Tax Year-End: Closing mileage for vehicles

With the tax year coming to an end, SARS provides some tips for claiming your travel allowance.

We are again at the end of the tax year, which means individuals with travel allowances should prepare their supporting documents.

Without a logbook, you will not be able to claim the cost of business travel against your travel allowance.

You need to record the opening kilometres on the first day of March and closing kilometres on the last day of February each year. This must be disclosed to verify the total distance travelled in cases where the vehicle has been used for business purposes for only a portion of the total travel.

Apart from recording the opening and closing odometer readings for the year of your travel claim, you should also maintain a record of the actual business kilometres travelled for each trip.

What is a Travel Allowance?

A travel allowance is any allowance paid or an advance given to an employee for the use of a private motor vehicle in respect of travelling expenses for business purposes. Travel allowances can also be a fixed amount given to an employee to finance transport, or it can be used to reimburse expenses used for travel. Please note: travel between home and office does not qualify as business travel.

Top Tips:

  • Record your motor vehicle’s odometer reading on 1 March i.e. on the first day of a tax year.
  • Make sure that you keep a logbook throughout the year. A detailed logbook can be downloaded from the SARS website.
  • Record your motor vehicle’s closing odometer reading on the last day of February (28/29) of the next year.
  • Calculate your total kilometres for the full year (closing kilometres minus the opening kilometres)
  • Calculate your total business kilometres for the year (sum of all business kilometres)
  • Record the date of travel, the kilometres travelled, and details of the business travel.

Reminder for businesses to submit third-party data

It is also that time of the year for businesses and employers to submit their third-party data to SARS.

Medical schemes, financial institutions, attorneys, banks, etc. have an obligation to submit their third-party data to SARS. The following are examples of data to be submitted to SARS and by who:

  • IT3(b) submitted by Banks, Financial Institutions, Co-operatives for Amounts that became due or payable or were paid or received in respect of, or by way of any investment, rental of immovable property, interest, or royalty.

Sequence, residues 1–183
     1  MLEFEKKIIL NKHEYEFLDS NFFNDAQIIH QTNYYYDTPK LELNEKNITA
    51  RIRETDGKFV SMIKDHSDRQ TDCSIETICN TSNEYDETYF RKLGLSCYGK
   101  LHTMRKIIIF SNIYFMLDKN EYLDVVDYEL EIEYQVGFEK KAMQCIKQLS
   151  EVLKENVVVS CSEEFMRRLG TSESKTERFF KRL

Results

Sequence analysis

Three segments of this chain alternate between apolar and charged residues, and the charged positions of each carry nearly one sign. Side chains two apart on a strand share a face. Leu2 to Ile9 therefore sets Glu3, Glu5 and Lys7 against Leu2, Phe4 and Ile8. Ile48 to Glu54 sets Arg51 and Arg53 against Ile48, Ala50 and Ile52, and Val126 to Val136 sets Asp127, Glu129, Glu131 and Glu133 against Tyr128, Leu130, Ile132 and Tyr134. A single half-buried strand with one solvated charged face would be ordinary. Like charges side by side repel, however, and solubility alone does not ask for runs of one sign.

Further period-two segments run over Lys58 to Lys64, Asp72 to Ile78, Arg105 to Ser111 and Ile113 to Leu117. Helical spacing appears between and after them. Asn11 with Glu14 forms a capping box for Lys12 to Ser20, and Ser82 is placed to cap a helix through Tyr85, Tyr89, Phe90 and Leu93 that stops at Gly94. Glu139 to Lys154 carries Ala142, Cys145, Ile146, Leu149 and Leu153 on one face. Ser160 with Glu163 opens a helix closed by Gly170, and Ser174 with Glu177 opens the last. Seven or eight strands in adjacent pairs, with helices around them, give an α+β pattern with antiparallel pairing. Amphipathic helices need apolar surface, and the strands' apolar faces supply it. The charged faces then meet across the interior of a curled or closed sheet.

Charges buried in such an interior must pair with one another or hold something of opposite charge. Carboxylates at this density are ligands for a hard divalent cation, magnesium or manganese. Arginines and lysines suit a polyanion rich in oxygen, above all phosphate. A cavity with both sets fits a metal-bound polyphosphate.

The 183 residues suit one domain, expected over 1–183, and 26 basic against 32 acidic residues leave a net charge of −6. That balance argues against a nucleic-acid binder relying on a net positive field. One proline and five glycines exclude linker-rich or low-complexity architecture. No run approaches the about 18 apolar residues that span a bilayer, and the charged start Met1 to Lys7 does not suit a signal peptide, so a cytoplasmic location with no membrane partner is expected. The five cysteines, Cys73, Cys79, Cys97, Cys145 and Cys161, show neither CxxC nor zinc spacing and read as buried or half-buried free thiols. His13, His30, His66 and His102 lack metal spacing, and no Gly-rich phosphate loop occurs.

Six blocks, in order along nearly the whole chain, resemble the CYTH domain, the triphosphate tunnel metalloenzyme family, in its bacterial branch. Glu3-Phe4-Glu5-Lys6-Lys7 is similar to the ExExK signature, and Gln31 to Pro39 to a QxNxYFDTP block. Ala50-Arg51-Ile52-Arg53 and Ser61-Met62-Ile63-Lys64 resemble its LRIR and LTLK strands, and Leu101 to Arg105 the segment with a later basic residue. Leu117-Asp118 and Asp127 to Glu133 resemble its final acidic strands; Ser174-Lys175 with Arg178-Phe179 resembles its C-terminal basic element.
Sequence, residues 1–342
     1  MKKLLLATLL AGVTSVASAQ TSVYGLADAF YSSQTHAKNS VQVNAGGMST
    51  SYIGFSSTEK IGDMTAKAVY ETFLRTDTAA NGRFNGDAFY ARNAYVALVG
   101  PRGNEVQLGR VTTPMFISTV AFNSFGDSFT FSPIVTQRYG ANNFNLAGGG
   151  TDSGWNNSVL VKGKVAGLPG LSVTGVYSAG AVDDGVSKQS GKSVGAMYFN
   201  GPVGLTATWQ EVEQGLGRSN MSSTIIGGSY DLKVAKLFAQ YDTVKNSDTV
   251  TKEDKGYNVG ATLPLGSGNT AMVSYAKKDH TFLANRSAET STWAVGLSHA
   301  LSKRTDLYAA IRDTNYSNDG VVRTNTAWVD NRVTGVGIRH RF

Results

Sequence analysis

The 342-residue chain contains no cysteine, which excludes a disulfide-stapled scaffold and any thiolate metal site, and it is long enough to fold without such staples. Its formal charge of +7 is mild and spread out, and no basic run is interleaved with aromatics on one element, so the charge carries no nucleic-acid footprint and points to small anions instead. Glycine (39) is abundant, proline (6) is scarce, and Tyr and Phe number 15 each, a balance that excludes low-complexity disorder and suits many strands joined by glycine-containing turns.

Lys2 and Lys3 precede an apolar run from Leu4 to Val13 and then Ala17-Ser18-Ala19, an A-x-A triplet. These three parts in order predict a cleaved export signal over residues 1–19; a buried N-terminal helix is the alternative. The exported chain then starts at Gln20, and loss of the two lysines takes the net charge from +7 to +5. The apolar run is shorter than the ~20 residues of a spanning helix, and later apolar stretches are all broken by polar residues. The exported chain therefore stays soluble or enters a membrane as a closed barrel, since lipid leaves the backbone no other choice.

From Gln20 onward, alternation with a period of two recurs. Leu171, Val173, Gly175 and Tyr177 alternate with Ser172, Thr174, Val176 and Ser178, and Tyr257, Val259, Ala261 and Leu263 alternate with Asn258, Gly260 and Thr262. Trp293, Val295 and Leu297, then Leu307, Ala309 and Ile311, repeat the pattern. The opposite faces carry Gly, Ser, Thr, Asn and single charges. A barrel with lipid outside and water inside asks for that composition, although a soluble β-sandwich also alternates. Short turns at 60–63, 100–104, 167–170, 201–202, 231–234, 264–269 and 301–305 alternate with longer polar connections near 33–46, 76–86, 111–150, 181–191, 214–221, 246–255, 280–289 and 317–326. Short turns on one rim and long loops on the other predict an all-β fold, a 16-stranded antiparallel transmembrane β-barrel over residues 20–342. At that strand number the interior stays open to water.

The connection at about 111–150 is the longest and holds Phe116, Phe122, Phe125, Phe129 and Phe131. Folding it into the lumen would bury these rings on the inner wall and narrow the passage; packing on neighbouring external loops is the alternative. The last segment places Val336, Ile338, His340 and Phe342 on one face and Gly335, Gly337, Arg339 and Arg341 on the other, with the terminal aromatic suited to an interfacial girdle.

• IT3(c) submitted by Banks, Financial Institutions etc. for amounts paid in respect of the purchase and disposal of financial instruments.
  • IT3(e) submitted by co-operatives who purchased livestock, produce, timber, ore, mineral or precious stones from a primary producer other than for retail purposes
  • IT3(s) submitted by Banks, Co-operatives, Long-term insurers for amounts received by or accrued to a natural person in respect of a tax-free investment
  • IT3(f) submitted by all retirement annuity contributions made by the member, for the year of assessment and all medical contributions made by the member for the year of assessment. Included in the record should be all expenses not covered by the medical aid and number of dependants
  • Dividends Tax: Submitted by South African tax resident companies.

Employers are to submit third party data by the end of May each year via our online channels. Don’t forget to activate the online channels under “Enrol 3rd Party Data” on eFiling.

Reminder to Submit Company Income Tax (CIT) Returns by 28 February

Company Income Tax Returns (ITR14) are due on 28 February 2022.

In addition to annual Company Income Tax returns (ITR14), companies are required to submit Provisional Tax returns (IRP6) and make payment by 28 February 2022. These returns are to be submitted every six months after your company year-end and must contain estimated figures of the total income earned for that period and taxes paid over in respect of the income estimates for that period.

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